It might be interesting to do a breakdown of how nations are divided into subordinate units, in view of questions about town boundaries, smallest cities, and so on, that have shown up here over the past few months.
The United States is, of course, divided into fifty states, 13 of which came together in an indissoluble union to create the nation, and the other 37 of which have been admitted as equals by act of the Congress which they created. Each state (with one or two exceptions) is subdivided into counties, within which lie municipalities – and the terminology for these varies. The U.S. also has an autonomous “commonwealth,” a capital district (D.C.), and several small territories under its domain.
The United Kingdom was formed by the merger of the Kingdoms of England, Scotland, and Ireland, with most of Ireland breaking off as a separate nation in 1922. It too is broken down into counties with municipal governments.
Canada is comprised of ten provinces and three territories, with at least some provinces having counties and municipal governments.
Australia is likewise made up of six states and two territories, with a few outlying islands having territorial relationship to it. I don’t know the composition of Australia’s sub-state government structure.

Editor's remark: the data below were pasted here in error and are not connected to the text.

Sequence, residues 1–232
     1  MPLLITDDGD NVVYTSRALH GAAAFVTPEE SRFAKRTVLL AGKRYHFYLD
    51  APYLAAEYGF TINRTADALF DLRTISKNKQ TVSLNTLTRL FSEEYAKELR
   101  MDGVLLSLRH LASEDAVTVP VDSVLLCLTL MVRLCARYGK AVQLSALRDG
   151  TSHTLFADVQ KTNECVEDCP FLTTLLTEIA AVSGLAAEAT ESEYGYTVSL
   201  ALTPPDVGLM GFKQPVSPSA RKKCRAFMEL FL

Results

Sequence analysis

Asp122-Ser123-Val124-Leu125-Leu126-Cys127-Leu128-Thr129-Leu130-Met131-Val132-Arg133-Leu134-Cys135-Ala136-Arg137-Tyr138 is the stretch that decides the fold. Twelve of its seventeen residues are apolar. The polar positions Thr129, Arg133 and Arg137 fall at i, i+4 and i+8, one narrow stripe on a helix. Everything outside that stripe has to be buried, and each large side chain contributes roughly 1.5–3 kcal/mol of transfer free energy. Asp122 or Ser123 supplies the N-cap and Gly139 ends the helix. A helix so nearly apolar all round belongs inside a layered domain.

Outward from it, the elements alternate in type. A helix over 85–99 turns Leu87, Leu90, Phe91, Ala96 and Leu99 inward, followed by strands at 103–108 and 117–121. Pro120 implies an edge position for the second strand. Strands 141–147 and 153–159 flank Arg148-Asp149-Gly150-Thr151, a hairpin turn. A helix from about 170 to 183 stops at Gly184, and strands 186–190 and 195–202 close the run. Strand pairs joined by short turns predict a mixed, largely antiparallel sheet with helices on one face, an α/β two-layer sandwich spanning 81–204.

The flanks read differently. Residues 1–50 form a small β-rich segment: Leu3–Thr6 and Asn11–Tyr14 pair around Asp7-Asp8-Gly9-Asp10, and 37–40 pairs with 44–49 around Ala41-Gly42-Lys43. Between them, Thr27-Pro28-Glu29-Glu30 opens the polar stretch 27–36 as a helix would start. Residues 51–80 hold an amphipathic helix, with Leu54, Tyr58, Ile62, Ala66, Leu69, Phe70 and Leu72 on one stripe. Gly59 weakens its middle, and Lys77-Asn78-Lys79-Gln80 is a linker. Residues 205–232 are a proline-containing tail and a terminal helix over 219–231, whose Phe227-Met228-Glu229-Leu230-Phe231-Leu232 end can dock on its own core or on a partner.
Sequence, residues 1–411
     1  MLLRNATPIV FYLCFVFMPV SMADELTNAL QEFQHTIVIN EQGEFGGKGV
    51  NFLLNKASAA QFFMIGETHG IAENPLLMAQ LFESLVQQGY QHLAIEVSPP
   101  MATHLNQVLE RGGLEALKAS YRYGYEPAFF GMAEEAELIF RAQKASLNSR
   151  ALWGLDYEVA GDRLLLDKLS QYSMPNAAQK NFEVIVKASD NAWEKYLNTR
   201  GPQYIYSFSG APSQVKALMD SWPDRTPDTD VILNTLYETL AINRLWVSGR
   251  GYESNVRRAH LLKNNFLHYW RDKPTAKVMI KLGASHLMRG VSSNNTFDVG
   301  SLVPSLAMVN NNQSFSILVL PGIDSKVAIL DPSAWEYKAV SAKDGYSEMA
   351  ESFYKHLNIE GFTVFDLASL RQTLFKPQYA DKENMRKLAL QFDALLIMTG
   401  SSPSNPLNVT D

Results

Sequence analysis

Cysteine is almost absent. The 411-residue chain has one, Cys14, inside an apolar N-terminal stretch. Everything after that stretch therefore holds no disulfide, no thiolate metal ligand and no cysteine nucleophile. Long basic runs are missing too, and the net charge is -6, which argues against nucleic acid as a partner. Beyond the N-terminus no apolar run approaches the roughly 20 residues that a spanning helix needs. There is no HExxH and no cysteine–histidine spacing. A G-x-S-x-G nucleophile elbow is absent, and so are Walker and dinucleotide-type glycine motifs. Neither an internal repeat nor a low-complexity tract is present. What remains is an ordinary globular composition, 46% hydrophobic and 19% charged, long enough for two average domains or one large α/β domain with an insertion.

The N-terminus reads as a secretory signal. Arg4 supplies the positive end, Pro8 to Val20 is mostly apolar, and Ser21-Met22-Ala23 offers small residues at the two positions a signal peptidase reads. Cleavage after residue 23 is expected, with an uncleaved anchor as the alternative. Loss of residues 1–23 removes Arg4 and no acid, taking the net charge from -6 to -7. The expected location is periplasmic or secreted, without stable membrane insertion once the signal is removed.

In New York, the entire state is broken into 62 counties, five of which are parts of the City of New York. Counties have elected local governments, and are broken down into towns (akin to townships in the Midwest) which have local governments. Cities lie within counties but are not included within towns; villages are legally constituted municipalities within towns. Cities, towns, and villages all have elected local governments.
In North Carolina, counties have local governments, and have cities and towns lying within them with elected local governments. “Towns” in N.C. parlance are equivalent to villages in New York. Townships do exist in North Carolina, as a consequence of Reconstruction, but they are merely lines on the map subdividing counties, for convenience in assessing, land title, census taking, reapportionment, etc., and have no separate legal existence.
Cities in Virginia, along with about six cities elsewhere, do not lie within counties in a legal sense, but are separate local governments. AFAIK the other cities which are not within counties include Carson City NV, St. Louis MO, and Baltimore MD. (And there are St. Louis and Baltimore Counties which include suburbs of those cities but not the cities themselves.) In some cases, city and county are coterminous, and often have a unified government exercising both city and county functions; these include Indianapolis IN, Nashville TN, and San Francisco CA.